We genuinely got a great reaction from both guys who know Cristiano, and those who hadn’t a clue who he was, although I do accept that it may be a little strange to program such a hack without ever having met him ourselves. There’s a video of our presentation on YouTube (hopefully) which shows the app in all its glory - you can watch below, we're on first around 1:30! We actually managed to win the Braintree prize for use of their API, lots of Lego, being the only team to get it working for a mobile app, which is really cool - I'll definitely be using that as a memento of a great day. We even had a respectable amount of votes for Hackers' hack!

At the end of the day we set out to have a good time programming, and that was all our goal. Some of the teams had incredible applications that could genuinely be expanded upon, but that doesn’t mean that our virtual reality (pushing it now) android app is any less of an achievement. Hackathon no.1 down, time to get involved with the next one.

Also, massive shout out to Jack Wearden, Joel Hoskins, Sian, and MLH for organising; plus the team from Sussex who had to leave at a ridiculous hour in order to make it in time – and travelled in style with an ace Charmander onesie. 

#TurnDownForWhat #WhosBettaWhosBettaWhosBest

Thursday, 16 October 2014

Music: The Sounds That Keep Me Sane

Haven't put anything up here in a while, so here's a bit about the stuff I've been listening to recently.

Marmozets The Weird and Wonderful Marmozets

Marmozets, a band formed of two sets of siblings from Leeds. Trying to describe their style is a difficult task where you have the vicious 'Vibetech', that could probably appease those at Sonisphere or Download, just a track away from 'Hit the Wave' - where the chorus is hard to listen to without picturing explosions and slow motion panning. There are a few tracks we're already familiar with, like the excellent 'Move, Shake, Hide' and 'Why Do You Hate Me?', and both stand out but for me the title track, 'Weird and Wonderful', sums up the album perfectly. Becca's vocals are outstanding soaring above the pulsating guitar riffs and it's exactly why this band are gonna go far.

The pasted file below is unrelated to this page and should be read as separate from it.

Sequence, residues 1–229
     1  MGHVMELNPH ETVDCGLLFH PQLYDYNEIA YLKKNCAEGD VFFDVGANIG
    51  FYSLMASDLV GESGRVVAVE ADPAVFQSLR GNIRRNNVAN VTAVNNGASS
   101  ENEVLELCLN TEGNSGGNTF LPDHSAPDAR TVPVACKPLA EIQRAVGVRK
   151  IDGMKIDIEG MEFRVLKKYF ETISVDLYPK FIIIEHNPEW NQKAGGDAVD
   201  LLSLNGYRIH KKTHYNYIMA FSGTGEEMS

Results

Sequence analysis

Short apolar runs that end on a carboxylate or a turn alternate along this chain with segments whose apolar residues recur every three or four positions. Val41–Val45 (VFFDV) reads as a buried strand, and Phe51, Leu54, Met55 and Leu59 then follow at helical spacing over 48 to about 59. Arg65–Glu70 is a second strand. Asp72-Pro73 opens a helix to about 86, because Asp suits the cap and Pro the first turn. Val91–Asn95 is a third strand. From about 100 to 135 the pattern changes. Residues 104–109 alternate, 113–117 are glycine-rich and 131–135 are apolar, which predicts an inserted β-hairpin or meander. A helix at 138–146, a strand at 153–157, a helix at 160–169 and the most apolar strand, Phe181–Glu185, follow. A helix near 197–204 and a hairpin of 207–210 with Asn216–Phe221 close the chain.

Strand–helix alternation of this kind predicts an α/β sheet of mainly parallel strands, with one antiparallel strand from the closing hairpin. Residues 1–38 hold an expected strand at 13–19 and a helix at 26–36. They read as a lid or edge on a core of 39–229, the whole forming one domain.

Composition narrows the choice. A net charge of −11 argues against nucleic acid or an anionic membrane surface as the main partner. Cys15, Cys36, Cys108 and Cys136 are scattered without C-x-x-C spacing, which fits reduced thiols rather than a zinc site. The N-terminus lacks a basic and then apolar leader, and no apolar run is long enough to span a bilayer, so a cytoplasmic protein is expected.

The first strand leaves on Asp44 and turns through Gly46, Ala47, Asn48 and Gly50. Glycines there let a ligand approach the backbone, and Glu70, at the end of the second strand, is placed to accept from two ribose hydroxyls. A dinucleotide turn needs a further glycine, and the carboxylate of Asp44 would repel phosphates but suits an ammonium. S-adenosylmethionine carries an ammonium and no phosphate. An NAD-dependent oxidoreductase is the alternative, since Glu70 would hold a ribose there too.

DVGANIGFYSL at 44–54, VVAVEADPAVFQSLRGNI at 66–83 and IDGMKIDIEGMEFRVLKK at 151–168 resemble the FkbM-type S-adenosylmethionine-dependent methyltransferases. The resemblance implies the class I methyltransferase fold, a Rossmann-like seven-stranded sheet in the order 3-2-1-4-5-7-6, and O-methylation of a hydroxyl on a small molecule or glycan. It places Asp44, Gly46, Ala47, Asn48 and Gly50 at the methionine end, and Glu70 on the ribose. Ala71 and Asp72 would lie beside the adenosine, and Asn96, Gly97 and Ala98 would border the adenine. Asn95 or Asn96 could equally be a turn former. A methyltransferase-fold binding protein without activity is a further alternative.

Kevin Devine Bubblegum

Kevin Devine may not be the young upstart that Marmozets are, but that doesn't make him any less relevant to today's world. In a music industry that has lost any concept of lyrical substance it's refreshing to have 'Bubblegum'. 'Private First Class' is about the plight of Chelsea Manning, and trying to empathise with her situation. Even better is the fact that when played live KevDev actually bothers to change the pronouns which is amazing to me. Right next to it is 'Fiscal Cliff', which again shows how the content may be political, but his ability to write a killer hook for the chorus can still keep your attention. It's not just full of shouty semi-punk tracks though, 'Red Bird' builds beautifully over the course of six minutes into a cacophony of warm distortion, and 'Sick of Words' is much lighter but lacks none of the purpose. Bubblegum was actually released at the same time as another of his albums, Bulldozer, and both are well worth checking out.